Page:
At the casual Hawaiian-inspired diner Pokeworks, its Signature Works are meant to guide diners. “It gives customers the opportunity to explore more options for their palates and then come back and try other ones,” cofounder Kevin Hsu tells QSR magazine.
Poké, which includes chunks of seafood traditionally served with salt, sesame oil, and other garnishes in a bowl, is a kind of deconstructed sushi. That helps many guests adapt to the concept and create their own dishes, Hsu adds.
2. Present it tidily
One thing which is common on digital menus is for pubs and restaurants to input ****NOT SURE ABOUT SIZE ASK AT BAR****** or something similar in a text field – a note which is designed to grab the user’s attention when the proprietor cannot input the information in the exact way he or she would like.
We don’t recommend this. First, a digital menu is just as important in its looks as a physical menu. Hold yourself to the same kind of standard – this will deter orders. Second, Order & Pay has an inbuilt note feature which appears at the top of the menu! Try not to fight the design – work with it!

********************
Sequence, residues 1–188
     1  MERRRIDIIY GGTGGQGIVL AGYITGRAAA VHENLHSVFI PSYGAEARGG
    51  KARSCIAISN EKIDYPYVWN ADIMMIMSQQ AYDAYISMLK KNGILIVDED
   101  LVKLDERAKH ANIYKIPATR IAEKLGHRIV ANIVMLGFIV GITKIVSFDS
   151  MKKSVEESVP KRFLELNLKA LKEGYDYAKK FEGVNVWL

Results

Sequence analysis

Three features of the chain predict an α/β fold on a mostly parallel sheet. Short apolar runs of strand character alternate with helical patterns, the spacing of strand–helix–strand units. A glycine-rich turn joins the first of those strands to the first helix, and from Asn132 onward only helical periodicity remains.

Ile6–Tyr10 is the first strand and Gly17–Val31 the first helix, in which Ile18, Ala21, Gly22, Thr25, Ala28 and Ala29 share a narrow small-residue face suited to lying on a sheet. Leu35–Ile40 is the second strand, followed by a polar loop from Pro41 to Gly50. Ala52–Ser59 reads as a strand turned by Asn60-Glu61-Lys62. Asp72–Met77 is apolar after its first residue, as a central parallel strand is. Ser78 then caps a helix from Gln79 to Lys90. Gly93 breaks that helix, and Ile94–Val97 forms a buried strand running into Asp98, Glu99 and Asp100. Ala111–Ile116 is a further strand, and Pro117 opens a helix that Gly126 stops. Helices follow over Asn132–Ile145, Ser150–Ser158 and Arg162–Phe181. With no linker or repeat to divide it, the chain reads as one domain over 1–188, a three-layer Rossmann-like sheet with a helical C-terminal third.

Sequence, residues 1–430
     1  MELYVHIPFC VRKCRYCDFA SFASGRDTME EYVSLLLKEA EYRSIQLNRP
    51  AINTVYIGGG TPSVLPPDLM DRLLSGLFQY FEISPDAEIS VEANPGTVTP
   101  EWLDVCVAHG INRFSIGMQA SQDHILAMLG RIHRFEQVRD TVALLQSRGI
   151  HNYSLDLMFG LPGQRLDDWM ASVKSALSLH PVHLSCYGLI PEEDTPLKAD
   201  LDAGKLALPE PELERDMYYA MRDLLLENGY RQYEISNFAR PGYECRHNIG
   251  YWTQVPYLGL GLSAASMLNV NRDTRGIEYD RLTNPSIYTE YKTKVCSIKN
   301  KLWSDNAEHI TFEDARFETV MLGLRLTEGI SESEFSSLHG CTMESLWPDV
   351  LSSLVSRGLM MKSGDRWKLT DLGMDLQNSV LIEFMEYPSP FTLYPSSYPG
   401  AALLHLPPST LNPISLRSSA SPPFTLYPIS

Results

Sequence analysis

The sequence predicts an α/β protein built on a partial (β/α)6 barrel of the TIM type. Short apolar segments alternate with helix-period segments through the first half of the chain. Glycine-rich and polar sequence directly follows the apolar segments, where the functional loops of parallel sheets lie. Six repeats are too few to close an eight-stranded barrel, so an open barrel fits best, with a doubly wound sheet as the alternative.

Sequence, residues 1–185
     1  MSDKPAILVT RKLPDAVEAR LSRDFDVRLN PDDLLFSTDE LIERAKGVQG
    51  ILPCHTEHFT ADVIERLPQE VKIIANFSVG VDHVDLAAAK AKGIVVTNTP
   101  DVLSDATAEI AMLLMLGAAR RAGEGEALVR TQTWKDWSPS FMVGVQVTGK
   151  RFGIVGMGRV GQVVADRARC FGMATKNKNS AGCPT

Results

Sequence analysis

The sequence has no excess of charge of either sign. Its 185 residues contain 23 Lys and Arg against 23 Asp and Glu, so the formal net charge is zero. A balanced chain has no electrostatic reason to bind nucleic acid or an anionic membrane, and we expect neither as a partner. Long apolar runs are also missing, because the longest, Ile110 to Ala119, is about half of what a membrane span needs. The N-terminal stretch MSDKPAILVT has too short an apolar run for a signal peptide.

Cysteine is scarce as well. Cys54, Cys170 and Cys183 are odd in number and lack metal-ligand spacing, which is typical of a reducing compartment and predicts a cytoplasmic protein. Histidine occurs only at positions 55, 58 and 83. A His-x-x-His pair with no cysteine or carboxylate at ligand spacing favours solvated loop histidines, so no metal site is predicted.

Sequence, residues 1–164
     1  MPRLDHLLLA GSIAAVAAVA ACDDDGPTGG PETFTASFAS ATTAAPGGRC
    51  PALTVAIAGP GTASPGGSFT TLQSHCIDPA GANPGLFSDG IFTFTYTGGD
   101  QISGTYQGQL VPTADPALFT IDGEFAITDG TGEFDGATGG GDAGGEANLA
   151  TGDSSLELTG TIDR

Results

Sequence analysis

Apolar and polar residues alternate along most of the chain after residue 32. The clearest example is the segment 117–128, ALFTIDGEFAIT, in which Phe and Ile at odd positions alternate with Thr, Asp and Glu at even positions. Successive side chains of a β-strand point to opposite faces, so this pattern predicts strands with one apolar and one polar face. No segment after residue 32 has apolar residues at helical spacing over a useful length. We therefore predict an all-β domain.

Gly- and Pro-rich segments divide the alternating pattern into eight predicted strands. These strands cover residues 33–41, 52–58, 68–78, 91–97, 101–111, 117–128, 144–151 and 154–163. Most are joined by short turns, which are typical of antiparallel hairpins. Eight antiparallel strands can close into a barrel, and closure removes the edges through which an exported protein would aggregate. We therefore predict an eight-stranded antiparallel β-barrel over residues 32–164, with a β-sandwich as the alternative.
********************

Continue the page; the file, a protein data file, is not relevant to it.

Finally, too many loud capital letters competing for attention can actually make it less easy to see things, and a large number of asterisked capital letter notes will have the opposite effect than intended. When they were determining the font for British roadsigns, our public transport bodies identified that a mixture of upper and lower case letters are more legible at a glance than capitals. That’s because our eyes take in the shape of the word rather than reading the letter s in a linear way, and Edgware Road has more shape than EDGWARE ROAD. So, there’s no need to shout.